The various features of novelty which characterize the invention are pointed out with particularity in the claims annexed to and forming a part of this disclosure. For a better understanding of the invention, its operating advantages and specific objects attained by its use, reference should be had to the accompanying drawings and descriptive matter in which there are illustrated and described the preferred embodiments of the invention, like reference numerals or letters signifying the same or similar components.
In the drawings:
One form of an electrosurgical instrument 6 according to the invention is illustrated in
One form of the RF circuitry and its operation to achieve the foregoing is illustrated in the combined flow chart and block diagram of
The RF power generating circuitry may be of the well known tube-type described in U.S. Pat. No. 3,730,188, whose contents are herein incorporated by reference, which is capable of generating a fully-rectified, filtered RF current for cutting, a full-wave rectified current for combining cutting and coagulation, and a half-wave rectified current for coagulation. Alternatively, the RF power generating circuitry can be of the well-known solid-state type capable of generating the same kinds of waveforms. Those skilled in the art will know how to produce the turbo mode modulation from the description given. The RF circuitry, as such, is not part of the present invention, as such circuits are well-known in the prior art. In this case, the RF circuitry provides two different frequencies of operation, a first high frequency in the range of 3.8-4.0 MHz, 4.0 being preferred, and a second high frequency in the range of 1.7-2.0 MHz, which is easily obtained by providing a known RF generator that provides outputs at double these first and second higher frequencies and providing a simple known divide-by-two circuit for obtaining dual outputs at the first or second frequencies, respectively. Both outputs can be separately amplified and processed and made available at the console's output connectors depending on the switches activated. Aspects of the present invention are not limited to the dual-frequency output operation.
After the modulated carrier has been generated, it is processed through a standard driver, a transformer, and a power amplifier controlled by a bias signal and whose input is monitored for safety's sake by a power tester circuit under control of the μ-controller.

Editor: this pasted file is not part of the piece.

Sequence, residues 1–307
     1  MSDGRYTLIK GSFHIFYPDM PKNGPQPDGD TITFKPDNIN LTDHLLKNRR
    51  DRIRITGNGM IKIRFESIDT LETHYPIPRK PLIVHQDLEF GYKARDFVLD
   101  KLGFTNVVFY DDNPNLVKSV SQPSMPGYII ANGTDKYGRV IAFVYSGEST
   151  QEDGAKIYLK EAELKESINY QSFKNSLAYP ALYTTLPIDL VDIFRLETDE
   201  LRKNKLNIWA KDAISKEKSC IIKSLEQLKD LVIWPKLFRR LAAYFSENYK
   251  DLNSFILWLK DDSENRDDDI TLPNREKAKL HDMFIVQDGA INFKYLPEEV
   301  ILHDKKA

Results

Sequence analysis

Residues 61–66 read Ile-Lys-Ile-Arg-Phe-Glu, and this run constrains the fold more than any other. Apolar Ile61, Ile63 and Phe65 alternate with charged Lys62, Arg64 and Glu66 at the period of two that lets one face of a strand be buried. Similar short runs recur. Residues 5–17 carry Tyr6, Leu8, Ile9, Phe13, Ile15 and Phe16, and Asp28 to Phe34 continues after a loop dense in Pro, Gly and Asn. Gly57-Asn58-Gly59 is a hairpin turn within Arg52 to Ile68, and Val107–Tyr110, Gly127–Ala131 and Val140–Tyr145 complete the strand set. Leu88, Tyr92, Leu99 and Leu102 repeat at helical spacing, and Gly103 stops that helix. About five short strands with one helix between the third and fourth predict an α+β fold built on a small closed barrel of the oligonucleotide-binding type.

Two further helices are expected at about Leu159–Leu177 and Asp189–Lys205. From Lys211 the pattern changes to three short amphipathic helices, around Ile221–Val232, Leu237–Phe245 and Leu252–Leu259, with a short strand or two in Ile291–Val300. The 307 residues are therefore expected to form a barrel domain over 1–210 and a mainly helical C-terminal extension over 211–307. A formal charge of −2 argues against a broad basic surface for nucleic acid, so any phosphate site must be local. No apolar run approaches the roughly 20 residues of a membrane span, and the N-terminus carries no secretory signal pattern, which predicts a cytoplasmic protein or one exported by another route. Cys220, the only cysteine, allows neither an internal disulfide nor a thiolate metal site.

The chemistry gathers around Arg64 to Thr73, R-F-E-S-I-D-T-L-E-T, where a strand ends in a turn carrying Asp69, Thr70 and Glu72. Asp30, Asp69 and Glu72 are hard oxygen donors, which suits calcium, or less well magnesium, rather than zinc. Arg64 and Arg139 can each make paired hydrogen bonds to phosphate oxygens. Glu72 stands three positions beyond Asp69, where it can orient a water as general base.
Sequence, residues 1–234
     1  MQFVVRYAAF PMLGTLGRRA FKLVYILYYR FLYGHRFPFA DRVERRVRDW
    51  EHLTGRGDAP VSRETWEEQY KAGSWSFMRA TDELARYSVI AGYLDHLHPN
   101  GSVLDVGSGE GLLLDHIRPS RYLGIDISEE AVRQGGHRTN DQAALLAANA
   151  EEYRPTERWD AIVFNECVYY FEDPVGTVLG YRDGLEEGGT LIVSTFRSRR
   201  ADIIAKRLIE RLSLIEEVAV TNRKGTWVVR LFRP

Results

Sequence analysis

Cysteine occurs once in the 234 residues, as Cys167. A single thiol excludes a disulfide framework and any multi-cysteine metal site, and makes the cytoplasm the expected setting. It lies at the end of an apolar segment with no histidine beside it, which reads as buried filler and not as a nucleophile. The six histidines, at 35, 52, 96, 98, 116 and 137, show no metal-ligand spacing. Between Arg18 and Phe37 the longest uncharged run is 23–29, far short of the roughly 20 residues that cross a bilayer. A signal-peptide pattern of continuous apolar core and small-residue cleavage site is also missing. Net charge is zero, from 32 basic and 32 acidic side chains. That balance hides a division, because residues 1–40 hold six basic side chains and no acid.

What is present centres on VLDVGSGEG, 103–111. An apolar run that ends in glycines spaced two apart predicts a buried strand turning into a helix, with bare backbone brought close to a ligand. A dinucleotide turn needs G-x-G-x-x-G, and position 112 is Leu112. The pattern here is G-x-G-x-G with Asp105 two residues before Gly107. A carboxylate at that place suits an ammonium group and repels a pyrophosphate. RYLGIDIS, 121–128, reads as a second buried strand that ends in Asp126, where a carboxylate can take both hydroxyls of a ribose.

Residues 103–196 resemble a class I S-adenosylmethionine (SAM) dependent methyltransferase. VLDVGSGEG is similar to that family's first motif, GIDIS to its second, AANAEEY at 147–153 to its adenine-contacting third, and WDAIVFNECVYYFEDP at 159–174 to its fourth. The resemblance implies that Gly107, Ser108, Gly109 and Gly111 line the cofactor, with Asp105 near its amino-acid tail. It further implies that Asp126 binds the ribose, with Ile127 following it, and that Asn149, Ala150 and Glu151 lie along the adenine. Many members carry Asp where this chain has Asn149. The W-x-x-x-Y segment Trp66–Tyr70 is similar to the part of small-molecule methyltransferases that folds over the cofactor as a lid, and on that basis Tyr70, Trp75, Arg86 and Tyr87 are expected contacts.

In this embodiment, the instrument is software controlled with the user supplying the switch inputs. One form of software control is illustrated by the flow chart depicted in
Returning now to test block 98, if the answer is that bipolar was not selected, then the circuitry to generate the 4.0 MHz carrier is selected at block 108, and control passes to the test block 110 which tests whether the cut mode selection has been made. If yes, the circuitry that generates the 4.0 MHz carrier is directed to the monopolar power output socket 16 represented by the block 84. If no, control passes to test block 112 that tests whether the cut/coag selection was made. If yes, the 4.0 MHz carrier is directed to the monopolar power output socket represented by the block 84. If no, control passes to test block 114. If the hemo mode selection was made, the 4.0 MHz carrier is also directed to the monopolar power output socket represented by the block 84. If no selection of hemo mode was made, then the default exit (not shown) is to the standby mode and a message will be displayed indicating to the user that no selections were made.
In a first major mode of operation:
a. the right footswitch 40 can control operation of the second lower frequency generator 102 which can be supplied only to the bipolar handpiece 24, the left footswitch 38 or the handpiece fingerswitch controls operation of the first higher frequency generator 108 which can be supplied only to the unipolar handpiece 22, and in this way the surgeon can know that the choice he makes of one or the other controls determines whether he intends to use lower or higher MHz frequencies in the procedure, also indicated on the display panel by the correspondingly lit lights.